A photo of damage allegedly caused by a Sudanese government air strike on Natiqa, near the North Darfur border of Sudan on March 16, 2014.

(Nairobi) – Sudan’s rights record deteriorated in 2014, with deepening political repression and a lack of accountability, Human Rights Watch said today in its World Report 2015. Sudanese authorities should immediately end unlawful attacks on civilians and hold those responsible to account. The authorities should release political detainees and stop arresting and using excessive force against peaceful protesters.

“In Darfur, Blue Nile, and Southern Kordofan states, Sudanese military forces are leaving a trail of abuse,” said Daniel Bekele, Africa director at Human Rights Watch. “In Khartoum and elsewhere, national security officials stifle dissent.”

In the 656-page world report, its 25th edition, Human Rights Watch reviews human rights practices in more than 90 countries. In his introductory essay, Executive Director Kenneth Roth urges governments to recognize that human rights offer an effective moral guide in turbulent times, and that violating rights can spark or aggravate serious security challenges. The short-term gains of undermining core values of freedom and non-discrimination are rarely worth the long-term price.

Starting on October 31, 2014, large numbers of Sudanese forces entered the North Darfur town of Tabit, beating men and raping women and girls over a two-day period. Sudan initially refused to allow the African Union-United Nations peacekeeping mission in Darfur (UNAMID) access to the town. When the peacekeepers finally entered to investigate, Sudanese security forces accompanied them during their visit, compromising the integrity of their investigation.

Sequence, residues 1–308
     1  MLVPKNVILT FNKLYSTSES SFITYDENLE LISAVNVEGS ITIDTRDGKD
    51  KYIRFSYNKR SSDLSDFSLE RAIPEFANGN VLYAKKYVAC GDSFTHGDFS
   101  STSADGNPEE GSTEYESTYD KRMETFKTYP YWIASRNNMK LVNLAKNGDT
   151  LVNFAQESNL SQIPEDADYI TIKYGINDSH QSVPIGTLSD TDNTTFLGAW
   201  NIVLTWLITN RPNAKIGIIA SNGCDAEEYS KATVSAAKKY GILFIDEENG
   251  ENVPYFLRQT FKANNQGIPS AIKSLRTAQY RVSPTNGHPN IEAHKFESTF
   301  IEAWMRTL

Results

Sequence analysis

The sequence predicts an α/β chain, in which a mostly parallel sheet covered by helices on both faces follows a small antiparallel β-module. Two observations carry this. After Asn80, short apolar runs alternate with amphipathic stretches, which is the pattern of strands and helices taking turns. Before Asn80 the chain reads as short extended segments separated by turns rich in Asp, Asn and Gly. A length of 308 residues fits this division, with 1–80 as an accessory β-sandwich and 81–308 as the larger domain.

Between February and April 2014, Sudan’s Rapid Support Forces (RSF) attacked villages in South, Central, and North Darfur. The RSF is a government force consisting largely of former militias and led by Brig. Gen. Mohammed Hamdan Dagolo (“Hemmeti”), a former Darfuri militia leader. The forces burned homes and shops, looted livestock, killed and robbed civilians in dozens of villages, and forced tens of thousands of residents to flee to towns and camps for displaced people.

Sudanese government forces, including the RSF, also attacked villages in the Nuba Mountains region of Southern Kordofan, displacing tens of thousands of civilians in April. In May and June, government bombing damaged schools, mosques, churches, water sources, and health centers, including a Médecins sans Frontières clinic in Nuba Mountains. Dozens of civilians were killed or injured.

In Blue Nile, civilians who fled government-controlled areas told Human Rights Watch that government forces, again including the RSF, arbitrarily detained residents, raped women and girls, and restricted residents’ movements, farming, and access to food. Sudan indiscriminately bombs rebel-held areas of the state.

Government security forces used violence to disperse protests and arbitrarily arrested and detained protesters and activists. In September, security forces broke up memorial services for the anniversary of the killing of more than 170 protesters in 2013.

The National Intelligence and Security Service (NISS) and other security forces arrested opposition party members and activists, despite promises by President Omar al-Bashir to release all “political detainees.”

The International Criminal Court (ICC) has charges pending against five people, including President al-Bashir, for war crimes, crimes against humanity, and genocide in connection with atrocities in Darfur. The Sudan government refuses to cooperate with the ICC and has obstructed its work. Human Rights Watch has repeatedly called on the UN Security Council to establish an international commission of inquiry into abuses in Southern Kordofan and Blue Nile.

“Civilians bear the brunt of Sudan’s brutal counter-insurgency tactics and political repression across the country,” Bekele said. “Without any form of accountability, these patterns of abuse are becoming more entrenched by the year.”